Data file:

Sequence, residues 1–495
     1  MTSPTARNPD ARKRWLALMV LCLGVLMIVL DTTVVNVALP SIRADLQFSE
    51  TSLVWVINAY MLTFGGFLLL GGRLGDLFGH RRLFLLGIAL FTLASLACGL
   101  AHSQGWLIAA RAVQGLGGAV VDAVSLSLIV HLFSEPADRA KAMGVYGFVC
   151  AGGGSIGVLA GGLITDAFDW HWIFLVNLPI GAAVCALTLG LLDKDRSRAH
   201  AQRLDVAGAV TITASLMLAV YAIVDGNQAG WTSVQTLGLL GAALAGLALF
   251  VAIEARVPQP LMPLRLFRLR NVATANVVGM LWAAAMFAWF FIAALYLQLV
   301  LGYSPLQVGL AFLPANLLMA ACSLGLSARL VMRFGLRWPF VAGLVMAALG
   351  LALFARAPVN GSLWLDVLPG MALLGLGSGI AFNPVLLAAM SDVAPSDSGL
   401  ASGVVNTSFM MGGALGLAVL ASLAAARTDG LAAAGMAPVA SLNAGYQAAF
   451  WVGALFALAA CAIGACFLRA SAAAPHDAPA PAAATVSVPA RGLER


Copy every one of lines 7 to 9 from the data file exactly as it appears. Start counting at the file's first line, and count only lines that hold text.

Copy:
   251  VAIEARVPQP LMPLRLFRLR NVATANVVGM LWAAAMFAWF FIAALYLQLV
   301  LGYSPLQVGL AFLPANLLMA ACSLGLSARL VMRFGLRWPF VAGLVMAALG
   351  LALFARAPVN GSLWLDVLPG MALLGLGSGI AFNPVLLAAM SDVAPSDSGL